After the wafers have been placed in the receptacle with the wafer supports 16 in place, the final closing of the lid 15 so that its latch or keeper 15.2 snaps over the rim of the receptacle, the downward pressure by the lid causes the wafers to be firmly seated in the grooves or corrugations of the wafer support and causes the support webs or legs 16.5 to slightly flex so that the edges of the wafers W are very tightly gripped and confined against movement in either edgewise or transverse direction. Both the lid 15 and the bottom wall 14 also engage the wafer support intermediate the legs 16.5 as well.
The bottom wall has a plurality of upstanding ribs or cogs 14.2, as best seen in FIGS. 4 and 6, and which are arranged to be in substantially the same planes which contain the side wall ribs 12.2. As will be seen in FIG. 6, the corrugations of the wafer support 16 have the same spacing as the ribs or cogs 14.2 so that the lower portions of the corrugations essentially bridge across between adjacent ribs 14.2 so that the wafers W will be very accurately located in the box. This accurate locating for transport is very important because the brittle wafers W must be kept away from and out of engagement with the hard ribs 12.2.
It should also be noted that when the lid 15 is closed down onto the receptacle and urges the wafers into seated relation in the wafer supports 16, the edges of the wafers will produce substantial collapsing of the ribs 16.4 which bridge across the grooves 16.2 in the wafer supports, thereby allowing maximum length of engagement between the peripheries of the wafers and the arcuately shaped groove bottoms in the wafer support. In the event there is some minor variation in the size of the wafers being carried, an undersized wafer will engage the several ribs 16.4, but may not entirely collapse such ribs simply because the wafers may not be large enough, but, in any event, the ribs 16.4 will produce a high degree of gripping and holding of the wafers in stationary position.
In the modified form of FIG. 7, the bottom wall 14.3 has a smooth and flat interior surface and is formed without the comparable ribs or cogs which are illustrated in FIGS. 2, 4 and 6. In this form of the invention, the intermediate portion of the wafer support 16 is seated directly upon the flat inner surface of the bottom wall 14.3, and the supports webs or legs 16.5 may be collapsed to some greater degree in supporting the sides of the wafer support and exerting inwardly directed pressure thereon.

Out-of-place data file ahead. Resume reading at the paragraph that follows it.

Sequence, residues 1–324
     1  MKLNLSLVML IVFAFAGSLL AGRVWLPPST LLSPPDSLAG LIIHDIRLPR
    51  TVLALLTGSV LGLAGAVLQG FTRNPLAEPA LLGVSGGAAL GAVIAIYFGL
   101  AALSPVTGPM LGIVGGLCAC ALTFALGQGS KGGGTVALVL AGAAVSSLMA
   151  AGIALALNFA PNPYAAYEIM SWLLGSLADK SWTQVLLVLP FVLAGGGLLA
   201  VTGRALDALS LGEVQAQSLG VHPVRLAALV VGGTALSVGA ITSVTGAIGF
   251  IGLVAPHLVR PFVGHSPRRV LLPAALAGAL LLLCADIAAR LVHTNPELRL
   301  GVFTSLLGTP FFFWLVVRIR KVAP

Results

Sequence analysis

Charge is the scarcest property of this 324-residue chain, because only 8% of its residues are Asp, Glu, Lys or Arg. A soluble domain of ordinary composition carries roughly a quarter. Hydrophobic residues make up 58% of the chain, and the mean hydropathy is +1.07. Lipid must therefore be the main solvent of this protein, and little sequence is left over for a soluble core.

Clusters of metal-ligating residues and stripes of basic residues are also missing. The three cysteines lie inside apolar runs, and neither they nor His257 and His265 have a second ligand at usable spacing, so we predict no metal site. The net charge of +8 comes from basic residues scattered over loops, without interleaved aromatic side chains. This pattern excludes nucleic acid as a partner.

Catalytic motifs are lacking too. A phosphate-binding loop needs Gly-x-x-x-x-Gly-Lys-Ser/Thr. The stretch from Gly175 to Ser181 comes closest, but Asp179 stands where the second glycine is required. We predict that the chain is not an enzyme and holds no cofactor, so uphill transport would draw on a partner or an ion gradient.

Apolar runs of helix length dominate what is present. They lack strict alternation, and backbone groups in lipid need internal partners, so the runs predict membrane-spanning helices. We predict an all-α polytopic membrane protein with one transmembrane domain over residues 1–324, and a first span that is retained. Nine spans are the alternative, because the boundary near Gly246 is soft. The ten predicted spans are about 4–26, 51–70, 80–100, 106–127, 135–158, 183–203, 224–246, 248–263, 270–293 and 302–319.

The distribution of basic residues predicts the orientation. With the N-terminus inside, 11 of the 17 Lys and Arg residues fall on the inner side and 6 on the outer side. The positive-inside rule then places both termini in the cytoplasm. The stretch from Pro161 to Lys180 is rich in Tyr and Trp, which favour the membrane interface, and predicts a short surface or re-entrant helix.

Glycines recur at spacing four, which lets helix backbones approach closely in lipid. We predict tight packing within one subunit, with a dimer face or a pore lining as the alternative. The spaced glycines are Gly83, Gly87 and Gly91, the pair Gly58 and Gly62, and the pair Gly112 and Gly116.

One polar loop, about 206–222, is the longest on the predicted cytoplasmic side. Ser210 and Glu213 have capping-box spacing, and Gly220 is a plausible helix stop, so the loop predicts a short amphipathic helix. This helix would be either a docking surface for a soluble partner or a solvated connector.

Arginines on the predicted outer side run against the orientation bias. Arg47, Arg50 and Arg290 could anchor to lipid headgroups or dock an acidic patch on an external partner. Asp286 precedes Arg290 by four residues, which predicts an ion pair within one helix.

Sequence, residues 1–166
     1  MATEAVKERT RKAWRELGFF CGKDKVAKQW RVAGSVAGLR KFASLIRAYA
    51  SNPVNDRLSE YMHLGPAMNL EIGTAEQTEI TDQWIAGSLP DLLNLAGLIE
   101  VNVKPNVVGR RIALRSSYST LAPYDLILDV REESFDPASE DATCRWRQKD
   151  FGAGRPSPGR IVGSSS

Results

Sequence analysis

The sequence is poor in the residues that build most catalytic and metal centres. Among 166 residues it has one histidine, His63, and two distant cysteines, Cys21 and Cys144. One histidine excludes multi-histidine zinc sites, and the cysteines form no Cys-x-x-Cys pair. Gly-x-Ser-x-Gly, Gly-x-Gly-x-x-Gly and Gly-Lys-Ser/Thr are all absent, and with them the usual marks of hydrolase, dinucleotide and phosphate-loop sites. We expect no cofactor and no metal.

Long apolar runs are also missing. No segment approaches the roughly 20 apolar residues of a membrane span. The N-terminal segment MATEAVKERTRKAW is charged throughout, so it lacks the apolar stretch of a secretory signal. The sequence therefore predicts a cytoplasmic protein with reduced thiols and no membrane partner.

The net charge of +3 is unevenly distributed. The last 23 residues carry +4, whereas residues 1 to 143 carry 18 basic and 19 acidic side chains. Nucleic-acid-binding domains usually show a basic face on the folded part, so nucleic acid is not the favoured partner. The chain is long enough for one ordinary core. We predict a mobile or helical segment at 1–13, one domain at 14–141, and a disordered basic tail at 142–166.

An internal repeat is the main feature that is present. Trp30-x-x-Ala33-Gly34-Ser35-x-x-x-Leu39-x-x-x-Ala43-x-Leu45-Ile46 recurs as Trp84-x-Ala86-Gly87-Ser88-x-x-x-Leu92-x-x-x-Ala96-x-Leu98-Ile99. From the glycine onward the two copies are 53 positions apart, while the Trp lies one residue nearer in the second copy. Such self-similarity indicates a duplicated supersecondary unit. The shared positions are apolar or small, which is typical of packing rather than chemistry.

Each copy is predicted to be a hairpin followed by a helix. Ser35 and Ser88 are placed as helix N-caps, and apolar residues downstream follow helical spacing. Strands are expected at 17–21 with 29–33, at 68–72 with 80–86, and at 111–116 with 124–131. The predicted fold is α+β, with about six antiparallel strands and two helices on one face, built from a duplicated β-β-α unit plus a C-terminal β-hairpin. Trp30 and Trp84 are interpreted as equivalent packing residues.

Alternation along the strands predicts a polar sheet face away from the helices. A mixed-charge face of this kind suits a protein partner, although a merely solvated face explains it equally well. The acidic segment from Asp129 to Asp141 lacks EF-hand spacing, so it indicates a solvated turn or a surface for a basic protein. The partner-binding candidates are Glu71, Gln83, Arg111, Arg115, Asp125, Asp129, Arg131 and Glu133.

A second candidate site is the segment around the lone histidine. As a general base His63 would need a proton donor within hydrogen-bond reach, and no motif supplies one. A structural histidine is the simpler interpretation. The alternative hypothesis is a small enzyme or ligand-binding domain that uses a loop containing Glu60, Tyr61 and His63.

The upstanding end tabs 16.7 are particularly useful for guiding the wafer support 16 downwardly over the top of the wafers W prior to the closing of lid 15. The tabs 16.7 are guided along the end wall 13 of the receptacle and assure proper positioning of the corrugations in the wafer support relative to the wafers that are already in the container and relative to the side wall ribs 12.2. At one end of each of the inserts 16, the tabs 16.7 are interconnected by a bar 16.8 which provides a brace and a handle facilitating ready and easy removal of the insert from the container.
In the form of the invention illustrated in FIGS. 10 and 11, the wafer supports 20 are constructed substantially the same as wafer supports 16 illustrated in the other views. The wafer supports 20 have, however, outwardly projecting support webs or legs 20.1 located intermediate the opposite sides of the wafer support for engaging intermediate areas of the container bottom 14.6 and intermediate portions of the lid 15.8. The intermediate support webs or legs 20.1 are partially collapsed by flexing when the lid 15.8 is pressed downwardly into its final position as illustrated in FIG. 11. It will be noted that the receptacle 11.1 has its bottom wall 14.6 provided with an offset portion 14.7 for strengthening and resisting any bowing or warping. Similarly, the lid 15.8 has also an offset portion 15.9 for producing the necessary strength against bowing. The support webs or legs 20.2 at the sides of the wafer supports 20 provide the necessary stiffening of the wafer support 20 along its longitudinal length, as do the webs 16.5 in the first form of the invention. It has been found that in certain receptacles 11.1 it is desirable to provide ledges 14.8 adjacent the side wall ribs to engage the lower edges of the support webs 20.2 and cause flexing of these webs as to create additional inward pressure on the adjacent portions of the wafers. It will be recognized that the supporting webs 20.1 and 20.2 extend the full length of the wafer supports 20 and the full length of the receptacle. Again, at one end of each insert 20, a bar 20.3 extends across from one side to the other.
It will be seen that I have provided a new and improved shipping container for silicone semiconductor wafers and the like wherein a rigid protective container is provided with relatively soft and resiliently yieldable wafer supports which extend arcuately about the peripheries of such wafers and wherein the wafers are confined against edgewise movement or transverse movement so as to be protected against any likelihood of breakage in the container.
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|U.S. Classification||206/711, 220/600, 206/454, 211/41.18, 206/591, 206/564, 206/587|
|International Classification||B65D85/57, B65D25/10, H01L21/673, B65D85/86|
|Cooperative Classification||H01L21/67383, B65D25/107|
|European Classification||B65D25/10F, H01L21/673K10|
|Mar 23, 1993||AS||Assignment|
Owner name: MARQUETTE BANK MINNEAPOLIS, N.A. AS AGENT, MINNESO
Free format text: ASSIGNMENT OF ASSIGNORS INTEREST.;ASSIGNOR:EMPAK, INC.;REEL/FRAME:006467/0405
Effective date: 19930129
|Jul 19, 1993||AS||Assignment|
Owner name: EMPAK, INC., MINNESOTA
Free format text: ASSIGNMENT OF ASSIGNORS INTEREST;ASSIGNOR:MARQUETTE BANK MINNEAPOLIS;REEL/FRAME:006617/0987
Effective date: 19930527
Owner name: MARQUETTE BANK GOLDEN VALLEY, MINNESOTA
Free format text: SECURITY INTEREST;ASSIGNOR:EMPAK, INC.;REEL/FRAME:006617/0973
Effective date: 19930527